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Caroline Smith's "Half About Being a Woman": Better songwriting than singing
Every once in a while, you come across an interesting irony, when an artist's material is actually stronger than the artist. Think back, for instance, to Leonard Cohen, who couldn't carry a tune in a handbag. Kris Kristofferson, neither. They came up with catalogs of marvelous songs that everyone who covered them sang better.
Pop-R&B performer Caroline Smith isn't likely to ascend to such annals. She does, however, have a good hand at songwriting. While she sings better than Cohen or Kristofferson, in that she stays on key, that's pretty much all there is to recommend her album Half About Being a Woman. The writing and arrangements draw on a proven, charts-tested formula of fairly inventive melodies set to slick production.
For that matter, her lyrics (what the ear can make out) aren't half bad, either. "Walking Off Strong," for instance, lays down a sardonic storyline about a woman is not about to beg a man to stick around when he doesn't know he's got a good thing. Lines like "There's no time for negotiation/ You treated me bad" and "I keep moving on/ 'Cause I know what I need...a man who knows what he wants." How can you fault her on that? Her touch with a tune is, for the most part, money in the bank. Even the numbers that don't work would come across well with a full-throated vocalist at the mic.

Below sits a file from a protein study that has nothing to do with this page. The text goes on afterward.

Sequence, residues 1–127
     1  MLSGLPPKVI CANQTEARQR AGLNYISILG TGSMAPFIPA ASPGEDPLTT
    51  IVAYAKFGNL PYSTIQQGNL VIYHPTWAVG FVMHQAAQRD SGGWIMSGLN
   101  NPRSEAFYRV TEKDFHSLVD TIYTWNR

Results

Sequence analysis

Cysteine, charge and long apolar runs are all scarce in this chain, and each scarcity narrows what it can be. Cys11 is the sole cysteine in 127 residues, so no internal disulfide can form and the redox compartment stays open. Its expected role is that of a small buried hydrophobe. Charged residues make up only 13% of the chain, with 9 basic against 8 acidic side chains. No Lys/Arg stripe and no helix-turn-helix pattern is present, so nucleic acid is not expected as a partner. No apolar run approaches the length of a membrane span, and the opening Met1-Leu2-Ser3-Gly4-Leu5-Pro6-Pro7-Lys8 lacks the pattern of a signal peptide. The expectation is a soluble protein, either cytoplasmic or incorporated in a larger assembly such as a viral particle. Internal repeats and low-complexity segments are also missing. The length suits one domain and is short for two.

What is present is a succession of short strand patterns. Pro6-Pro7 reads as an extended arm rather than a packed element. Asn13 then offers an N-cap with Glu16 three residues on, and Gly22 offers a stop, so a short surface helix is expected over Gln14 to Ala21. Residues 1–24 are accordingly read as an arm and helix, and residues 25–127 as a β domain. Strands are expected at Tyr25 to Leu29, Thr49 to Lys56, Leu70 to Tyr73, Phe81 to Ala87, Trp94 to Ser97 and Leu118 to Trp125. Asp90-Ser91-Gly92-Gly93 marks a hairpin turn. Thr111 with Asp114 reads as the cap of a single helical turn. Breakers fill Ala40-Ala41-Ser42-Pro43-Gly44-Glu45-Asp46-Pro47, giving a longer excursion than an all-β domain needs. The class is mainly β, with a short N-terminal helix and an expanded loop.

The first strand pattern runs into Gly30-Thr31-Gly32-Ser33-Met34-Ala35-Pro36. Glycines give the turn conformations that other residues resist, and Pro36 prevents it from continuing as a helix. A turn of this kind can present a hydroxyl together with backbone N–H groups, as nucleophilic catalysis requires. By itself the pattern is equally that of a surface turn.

The thing, in fact, is Smith's vocals, pleasant enough, easily listenable, are thin—with cookie-cutter phrasing. Pursuant to which, tight writing or no, there are times she lapses into wholly pretentious posturing, waxing Teena-Marie-style static. "Kind Of Man," arguably the lowest point on the recording, fails lyrically, boiling down to mundane music that leaves her generally weak voice laid bare. The title cut sounds like a watered-down remake of Carole King's "(You Make Me Feel Like) A Natural Woman."
"All That I Know Is (I'm Your Baby)" is a cut of which there should be a great deal more on the disc. The cute melody and sweet, upbeat arrangement bring to mind En Vogue, when girl groups enjoyed a hey-day of putting out nice, commercial stuff. Other than that, this is a largely uneventful outing.
©2013 Dwight Hobbes